Why hundreds of couples are furious at this startup

swanluv tweets

For couples getting ready to walk down the aisle, it sounded like a dream come true.

Late last year, Seattle-based startup SwanLuv said it was accepting applications from engaged couples for loans up to $10,000 to help fund their wedding.

The only catch: If they get divorced, they would have had to pay back the loan -- with interest.

If they stayed together, the money was theirs to keep.

The company received some buzz ahead of its Valentine's Day launch. But some wondered whether the possibility of free money was too good to be true.

Turns out, it was.

Due to "overwhelming demand," SwanLuv pivoted its business plan and launched as a wedding crowdfunding website instead. Couples can create their own webpage to solicit funds from friends, family and strangers to help pay for their big day.

Not exactly what betrothed users eagerly anticipating the site's launch were expecting.

Many took to social media to express their anger, and some accused the company of a bait-and-switch.

Did I think this was too good to be true? Yes. But with all of the reputable sponsors, I thought maybe, just maybe it...

Posted by Liz Kelly on Monday, February 15, 2016

The company says it didn't anticipate the demand, or the heavy legal restrictions and regulations associated with giving out loans. "When we were looking at providing a loan, that has more scrutiny to it. Now with the crowdfunding model, it's easier to operate," founder and CEO Scott Avy told CNNMoney.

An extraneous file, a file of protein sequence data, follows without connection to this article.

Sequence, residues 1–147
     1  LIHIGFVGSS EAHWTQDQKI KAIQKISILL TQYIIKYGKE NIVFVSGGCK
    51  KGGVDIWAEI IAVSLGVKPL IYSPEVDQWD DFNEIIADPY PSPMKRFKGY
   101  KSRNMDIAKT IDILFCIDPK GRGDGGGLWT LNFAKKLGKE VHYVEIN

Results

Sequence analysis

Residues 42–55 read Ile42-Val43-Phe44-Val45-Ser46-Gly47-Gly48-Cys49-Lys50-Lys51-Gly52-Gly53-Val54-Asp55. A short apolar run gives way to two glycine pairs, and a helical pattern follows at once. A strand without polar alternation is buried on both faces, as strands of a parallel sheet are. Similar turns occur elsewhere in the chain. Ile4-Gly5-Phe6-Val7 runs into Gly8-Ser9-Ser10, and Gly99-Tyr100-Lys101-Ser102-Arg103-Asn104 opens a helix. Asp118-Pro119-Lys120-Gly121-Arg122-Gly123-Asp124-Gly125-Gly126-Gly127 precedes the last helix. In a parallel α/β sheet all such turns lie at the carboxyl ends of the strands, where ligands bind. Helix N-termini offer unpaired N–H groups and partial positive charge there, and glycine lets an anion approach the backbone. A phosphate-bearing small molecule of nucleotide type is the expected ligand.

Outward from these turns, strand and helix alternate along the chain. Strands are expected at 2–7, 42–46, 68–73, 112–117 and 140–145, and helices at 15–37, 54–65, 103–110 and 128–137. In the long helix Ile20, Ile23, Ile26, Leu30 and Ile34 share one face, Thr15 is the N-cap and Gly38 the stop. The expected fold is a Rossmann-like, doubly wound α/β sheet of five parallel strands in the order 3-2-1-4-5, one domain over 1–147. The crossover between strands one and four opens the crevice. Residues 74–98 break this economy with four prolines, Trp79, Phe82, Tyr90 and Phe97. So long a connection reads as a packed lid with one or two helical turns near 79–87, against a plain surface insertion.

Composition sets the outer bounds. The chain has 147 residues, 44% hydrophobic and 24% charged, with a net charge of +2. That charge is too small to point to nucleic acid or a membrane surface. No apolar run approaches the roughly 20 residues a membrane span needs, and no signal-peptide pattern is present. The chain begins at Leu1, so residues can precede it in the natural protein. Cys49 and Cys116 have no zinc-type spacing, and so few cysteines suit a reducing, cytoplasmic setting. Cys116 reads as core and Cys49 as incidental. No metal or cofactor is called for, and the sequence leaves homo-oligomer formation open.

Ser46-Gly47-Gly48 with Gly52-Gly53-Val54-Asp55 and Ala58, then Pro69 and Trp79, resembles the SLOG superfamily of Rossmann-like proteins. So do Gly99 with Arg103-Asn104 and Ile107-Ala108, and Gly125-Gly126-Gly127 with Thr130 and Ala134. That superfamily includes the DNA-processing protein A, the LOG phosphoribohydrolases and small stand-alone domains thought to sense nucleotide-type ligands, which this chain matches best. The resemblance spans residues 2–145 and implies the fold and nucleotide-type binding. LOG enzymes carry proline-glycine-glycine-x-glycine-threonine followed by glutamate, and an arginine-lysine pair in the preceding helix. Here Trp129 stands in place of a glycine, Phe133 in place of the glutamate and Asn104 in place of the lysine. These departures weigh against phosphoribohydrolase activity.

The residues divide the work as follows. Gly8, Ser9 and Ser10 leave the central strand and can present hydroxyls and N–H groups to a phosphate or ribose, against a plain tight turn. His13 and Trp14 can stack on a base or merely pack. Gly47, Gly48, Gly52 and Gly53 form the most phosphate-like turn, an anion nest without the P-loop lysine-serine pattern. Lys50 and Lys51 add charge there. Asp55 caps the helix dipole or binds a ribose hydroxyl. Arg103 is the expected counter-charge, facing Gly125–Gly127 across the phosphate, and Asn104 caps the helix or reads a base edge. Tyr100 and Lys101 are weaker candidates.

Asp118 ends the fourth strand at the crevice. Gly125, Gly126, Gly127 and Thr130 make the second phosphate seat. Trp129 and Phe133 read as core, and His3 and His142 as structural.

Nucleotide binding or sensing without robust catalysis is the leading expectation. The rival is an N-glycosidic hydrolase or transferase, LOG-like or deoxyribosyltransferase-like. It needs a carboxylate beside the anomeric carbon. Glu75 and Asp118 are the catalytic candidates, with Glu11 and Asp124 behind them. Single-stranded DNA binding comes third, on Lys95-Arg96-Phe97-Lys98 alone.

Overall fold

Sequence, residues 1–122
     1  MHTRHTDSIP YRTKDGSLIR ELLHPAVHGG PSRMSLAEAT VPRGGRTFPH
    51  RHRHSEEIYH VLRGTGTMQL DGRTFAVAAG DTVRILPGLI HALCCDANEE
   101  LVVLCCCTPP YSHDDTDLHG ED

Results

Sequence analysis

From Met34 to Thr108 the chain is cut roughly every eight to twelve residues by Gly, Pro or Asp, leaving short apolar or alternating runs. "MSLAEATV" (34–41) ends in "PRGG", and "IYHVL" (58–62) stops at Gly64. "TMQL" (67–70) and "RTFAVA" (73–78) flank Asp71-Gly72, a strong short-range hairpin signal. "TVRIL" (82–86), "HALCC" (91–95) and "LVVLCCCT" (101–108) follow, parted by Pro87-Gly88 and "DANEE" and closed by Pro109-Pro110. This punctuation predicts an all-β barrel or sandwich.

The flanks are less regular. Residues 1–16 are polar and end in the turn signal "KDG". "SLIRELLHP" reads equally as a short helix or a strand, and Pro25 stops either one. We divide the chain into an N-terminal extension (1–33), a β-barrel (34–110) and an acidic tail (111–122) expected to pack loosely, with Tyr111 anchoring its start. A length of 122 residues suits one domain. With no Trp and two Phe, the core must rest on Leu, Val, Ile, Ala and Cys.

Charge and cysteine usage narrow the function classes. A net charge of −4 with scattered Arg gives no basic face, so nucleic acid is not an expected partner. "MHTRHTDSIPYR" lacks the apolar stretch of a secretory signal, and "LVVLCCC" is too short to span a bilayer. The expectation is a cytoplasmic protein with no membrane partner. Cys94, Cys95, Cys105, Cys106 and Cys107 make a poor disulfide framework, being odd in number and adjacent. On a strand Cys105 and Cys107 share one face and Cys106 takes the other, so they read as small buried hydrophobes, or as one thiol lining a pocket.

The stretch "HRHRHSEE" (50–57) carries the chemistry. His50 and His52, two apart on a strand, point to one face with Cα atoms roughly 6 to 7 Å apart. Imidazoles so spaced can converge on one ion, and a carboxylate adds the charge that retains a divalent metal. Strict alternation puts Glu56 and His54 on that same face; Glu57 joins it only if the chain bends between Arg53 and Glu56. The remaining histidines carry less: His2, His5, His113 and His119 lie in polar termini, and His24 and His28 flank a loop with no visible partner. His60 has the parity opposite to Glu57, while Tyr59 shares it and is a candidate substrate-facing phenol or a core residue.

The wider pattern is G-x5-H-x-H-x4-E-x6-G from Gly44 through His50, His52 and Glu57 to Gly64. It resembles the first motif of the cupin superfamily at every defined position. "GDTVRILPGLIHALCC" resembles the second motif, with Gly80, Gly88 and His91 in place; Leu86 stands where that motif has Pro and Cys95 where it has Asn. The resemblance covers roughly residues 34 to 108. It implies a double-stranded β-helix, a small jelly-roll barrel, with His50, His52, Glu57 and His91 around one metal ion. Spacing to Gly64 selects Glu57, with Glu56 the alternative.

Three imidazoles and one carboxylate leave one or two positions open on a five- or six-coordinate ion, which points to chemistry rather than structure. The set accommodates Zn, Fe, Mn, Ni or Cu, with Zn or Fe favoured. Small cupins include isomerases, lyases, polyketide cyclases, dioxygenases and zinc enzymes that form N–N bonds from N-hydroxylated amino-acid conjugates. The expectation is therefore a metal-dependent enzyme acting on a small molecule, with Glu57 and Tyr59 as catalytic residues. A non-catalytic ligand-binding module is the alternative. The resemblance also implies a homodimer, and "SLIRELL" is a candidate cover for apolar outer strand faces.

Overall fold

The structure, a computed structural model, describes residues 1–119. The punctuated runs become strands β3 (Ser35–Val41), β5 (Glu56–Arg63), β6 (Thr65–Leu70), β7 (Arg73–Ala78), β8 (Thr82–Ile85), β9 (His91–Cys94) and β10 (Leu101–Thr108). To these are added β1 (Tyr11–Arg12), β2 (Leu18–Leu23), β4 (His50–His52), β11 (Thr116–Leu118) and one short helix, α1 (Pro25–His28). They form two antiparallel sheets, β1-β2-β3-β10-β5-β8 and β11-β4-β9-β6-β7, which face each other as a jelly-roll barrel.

The 24-year-old CEO claimed the company got positive feedback from users ahead of launching the new model.

"Not everyone was going to be selected for a SwanLuv loan. We have increased the odds for people to get financial support."

Avy said the website's terms will still specify that any funds raised will have to be returned to donors if a couple divorces.

"No other crowdfunding source is asking for money back," he claimed.

Eventually, Avy plans to offer couples the option of including their "capability score" on their funding page. The algorithm asks a series of questions, including, income, education level and parents' marital history to determine how likely a couple is to stay together.

Avy said he isn't focused on monetizing SwanLuv right now, but has had interest from venture capitalists and angel investors.

On Tuesday afternoon, the website wasn't available, and an error message said the server was currently undergoing maintenance.

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